In Texas, 18.4 percent of households (or one in five) were hungry or at risk of hunger between 2010 and 2012, according to a U.S. Department of Agriculture (USDA) report released Tuesday. This rate was nearly four percentage points higher than the national rate and statistically unchanged from the prior three-year period. Among surveyed households, Texas had the third-highest rate of ‘food insecurity,’ the term USDA uses to describe an inability to consistently afford enough food.

“These stark numbers should remind us of our responsibility as a state and nation to fight hunger,” said Celia Cole, CEO of the Texas Food Bank Network (TFBN). “This is certainly not the time to shrink from that responsibility.”

While the number of hungry Texans grows, Congress is debating a farm bill that could slash funding for nutrition programs like SNAP (aka food stamps) by up to $40 billion. TFBN estimates that one House proposal would result in up to 171,000 Texans losing access to benefits entirely. Other rule changes would make it harder for some to get help while unfairly denying assistance to others.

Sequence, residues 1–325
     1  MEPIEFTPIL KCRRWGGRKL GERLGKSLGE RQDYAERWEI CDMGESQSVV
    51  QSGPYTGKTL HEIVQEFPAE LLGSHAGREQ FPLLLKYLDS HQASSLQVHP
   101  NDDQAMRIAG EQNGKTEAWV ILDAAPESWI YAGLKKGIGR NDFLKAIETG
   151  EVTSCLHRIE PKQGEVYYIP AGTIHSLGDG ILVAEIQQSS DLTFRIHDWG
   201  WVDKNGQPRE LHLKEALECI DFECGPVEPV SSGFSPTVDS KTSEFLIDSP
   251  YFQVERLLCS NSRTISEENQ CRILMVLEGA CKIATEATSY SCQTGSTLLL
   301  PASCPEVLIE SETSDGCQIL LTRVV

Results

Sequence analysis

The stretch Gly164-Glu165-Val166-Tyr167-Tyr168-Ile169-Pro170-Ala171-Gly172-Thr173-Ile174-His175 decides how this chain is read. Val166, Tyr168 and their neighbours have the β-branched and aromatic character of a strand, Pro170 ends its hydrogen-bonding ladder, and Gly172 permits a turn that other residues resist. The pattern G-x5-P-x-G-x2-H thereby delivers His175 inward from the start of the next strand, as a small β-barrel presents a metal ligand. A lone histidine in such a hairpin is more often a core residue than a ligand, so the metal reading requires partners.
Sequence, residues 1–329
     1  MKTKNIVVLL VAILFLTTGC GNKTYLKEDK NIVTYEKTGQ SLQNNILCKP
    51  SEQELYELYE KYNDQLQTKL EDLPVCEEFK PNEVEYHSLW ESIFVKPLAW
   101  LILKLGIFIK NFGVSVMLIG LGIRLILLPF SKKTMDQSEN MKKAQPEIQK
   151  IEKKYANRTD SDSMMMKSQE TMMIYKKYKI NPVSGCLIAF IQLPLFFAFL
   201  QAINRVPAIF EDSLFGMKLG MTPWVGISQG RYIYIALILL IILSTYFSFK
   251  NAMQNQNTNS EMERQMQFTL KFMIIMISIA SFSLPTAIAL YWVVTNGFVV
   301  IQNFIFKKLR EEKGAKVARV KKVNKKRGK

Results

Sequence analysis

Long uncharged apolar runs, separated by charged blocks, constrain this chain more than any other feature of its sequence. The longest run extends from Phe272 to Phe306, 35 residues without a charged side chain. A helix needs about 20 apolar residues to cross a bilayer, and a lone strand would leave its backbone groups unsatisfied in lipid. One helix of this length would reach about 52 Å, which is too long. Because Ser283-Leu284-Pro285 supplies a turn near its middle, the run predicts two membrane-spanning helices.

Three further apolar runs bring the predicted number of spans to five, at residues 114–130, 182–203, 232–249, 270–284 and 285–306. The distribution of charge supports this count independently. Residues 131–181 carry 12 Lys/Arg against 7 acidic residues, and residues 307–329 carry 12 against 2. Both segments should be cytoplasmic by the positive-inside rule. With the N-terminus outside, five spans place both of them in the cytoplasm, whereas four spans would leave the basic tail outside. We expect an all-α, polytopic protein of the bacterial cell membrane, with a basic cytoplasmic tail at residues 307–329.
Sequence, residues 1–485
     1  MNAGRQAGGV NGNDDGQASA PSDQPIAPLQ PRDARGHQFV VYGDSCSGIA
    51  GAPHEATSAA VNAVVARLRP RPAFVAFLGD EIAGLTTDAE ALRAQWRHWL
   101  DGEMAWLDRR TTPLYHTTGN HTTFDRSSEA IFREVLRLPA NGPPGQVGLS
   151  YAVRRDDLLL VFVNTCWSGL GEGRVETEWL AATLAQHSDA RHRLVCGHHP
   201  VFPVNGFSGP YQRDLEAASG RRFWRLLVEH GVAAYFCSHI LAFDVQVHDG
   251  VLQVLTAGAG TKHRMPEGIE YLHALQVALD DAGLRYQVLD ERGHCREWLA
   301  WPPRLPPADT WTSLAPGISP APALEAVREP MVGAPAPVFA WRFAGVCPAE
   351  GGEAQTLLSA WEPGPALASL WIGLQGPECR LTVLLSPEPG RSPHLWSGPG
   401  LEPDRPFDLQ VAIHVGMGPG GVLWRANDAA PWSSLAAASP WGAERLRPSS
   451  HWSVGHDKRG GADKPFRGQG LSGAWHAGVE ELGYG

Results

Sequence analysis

More than four million Texans received assistance from SNAP in an average month in 2012. The majority of those recipients were children, the elderly and Texans with disabilities.

“Programs like SNAP are the backbone of our nation’s response to food insecurity,” said Cole. “Food banks and other private charities are already struggling to fill the gaps. Congress should not turn its back on struggling families in their time of need.”

A fuller explanation of the term ‘food insecurity’ can be found at

The Texas Food Bank Network provides a unified voice among food banks in support of their common mission to end hunger in Texas. Learn more at